Twenty-four authors submitted abstracts in response to the call for papers and fourteen were invited to submit full papers. We considered philosophical and empirical articles that employed a variety of methodologies in the focal areas of higher and teacher education, science and mathematics education, and schooling. Following the process of double-blind review, six of these papers were accepted for publication. An additional paper that was submitted to the Journal of Education's Special conference issue (No. 72) was included here because of its strong alignment with the theme of the special issue.

In the first article le Grange explores the conceptual connections between and among the constructs of Africanisation, decolonisation, indigenisation, and internationalisation and how this conceptual work might open up ways for re-imagining the field of curriculum studies in South Africa through the notion of curriculum as complicated conversation. He points out that the advancement of the field in South Africa is dependent on curriculum scholars engaging in such complicated conversations. For le Grange, scholars should be committed to exploring and participating in the intellectual life of the field, even if such commitment is done in disagreement with others.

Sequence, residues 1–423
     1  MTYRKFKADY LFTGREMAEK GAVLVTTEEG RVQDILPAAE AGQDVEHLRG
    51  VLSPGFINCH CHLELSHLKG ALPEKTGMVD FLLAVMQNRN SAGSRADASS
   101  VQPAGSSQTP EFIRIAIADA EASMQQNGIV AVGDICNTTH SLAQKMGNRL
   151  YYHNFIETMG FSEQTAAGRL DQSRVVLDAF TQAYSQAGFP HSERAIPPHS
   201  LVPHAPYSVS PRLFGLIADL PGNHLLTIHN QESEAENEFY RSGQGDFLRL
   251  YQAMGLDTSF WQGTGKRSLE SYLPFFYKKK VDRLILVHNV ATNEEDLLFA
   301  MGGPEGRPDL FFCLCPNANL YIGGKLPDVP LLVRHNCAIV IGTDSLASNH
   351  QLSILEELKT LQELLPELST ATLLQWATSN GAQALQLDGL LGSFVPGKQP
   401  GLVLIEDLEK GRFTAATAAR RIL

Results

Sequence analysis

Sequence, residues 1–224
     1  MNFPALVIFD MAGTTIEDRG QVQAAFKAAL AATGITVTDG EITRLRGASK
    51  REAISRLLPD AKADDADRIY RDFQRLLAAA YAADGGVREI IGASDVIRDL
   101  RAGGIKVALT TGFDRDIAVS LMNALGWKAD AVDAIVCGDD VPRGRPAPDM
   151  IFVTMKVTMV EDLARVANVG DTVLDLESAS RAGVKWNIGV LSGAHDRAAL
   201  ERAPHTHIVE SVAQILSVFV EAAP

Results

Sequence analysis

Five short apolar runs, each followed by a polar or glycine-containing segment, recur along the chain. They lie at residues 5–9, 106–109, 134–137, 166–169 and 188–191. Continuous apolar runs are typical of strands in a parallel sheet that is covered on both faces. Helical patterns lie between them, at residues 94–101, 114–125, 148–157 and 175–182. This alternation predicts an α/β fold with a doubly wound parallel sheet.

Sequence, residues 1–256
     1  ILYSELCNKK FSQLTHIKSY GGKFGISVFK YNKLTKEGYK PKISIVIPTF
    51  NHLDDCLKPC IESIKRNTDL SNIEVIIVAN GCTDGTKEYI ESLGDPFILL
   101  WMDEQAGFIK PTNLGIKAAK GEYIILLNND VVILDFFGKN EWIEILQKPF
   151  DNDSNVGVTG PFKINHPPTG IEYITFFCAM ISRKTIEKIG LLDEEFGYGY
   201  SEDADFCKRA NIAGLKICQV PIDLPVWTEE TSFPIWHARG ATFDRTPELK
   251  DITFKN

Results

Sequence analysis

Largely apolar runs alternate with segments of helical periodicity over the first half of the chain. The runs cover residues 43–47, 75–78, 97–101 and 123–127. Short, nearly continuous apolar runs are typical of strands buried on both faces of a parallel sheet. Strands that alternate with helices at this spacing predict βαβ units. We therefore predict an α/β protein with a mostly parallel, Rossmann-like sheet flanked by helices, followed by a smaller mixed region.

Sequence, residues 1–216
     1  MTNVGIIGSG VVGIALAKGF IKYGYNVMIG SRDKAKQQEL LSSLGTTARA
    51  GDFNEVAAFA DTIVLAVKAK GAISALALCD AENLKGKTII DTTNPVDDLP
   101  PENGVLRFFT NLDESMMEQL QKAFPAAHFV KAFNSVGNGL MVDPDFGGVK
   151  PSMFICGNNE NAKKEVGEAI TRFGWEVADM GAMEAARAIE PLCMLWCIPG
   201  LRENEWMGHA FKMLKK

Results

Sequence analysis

Du Preez's article deals with the complicated relationship between the decolonisation and internationalisation of university curricula. She argues that decolonisation and internationalisation are not opposites and that there are constructive contentions between the two once we think about the transformative potential of university curricula. To further her argument, she draws on Rosi Braidotti's The Posthuman (2013). She argues that the ontology, epistemology, and ethics of undergraduate university curricula should be considered carefully if we are to bring about meaningful transformation in higher education institutions.

Maistry and David, in their article, review extracts from four Grade 12 economics textbooks used in schools. They suggest that the screening of textbooks by the state for use in schools focuses largely on ensuring that no overt prejudices relating to race and gender, for example, are apparent while their covert ideological hegemony goes unchallenged. In an examination of the discourses of globalisation in these economics text books, Maistry and David discuss how such discourses perpetuate neoliberalism and its practice as normal and acceptable.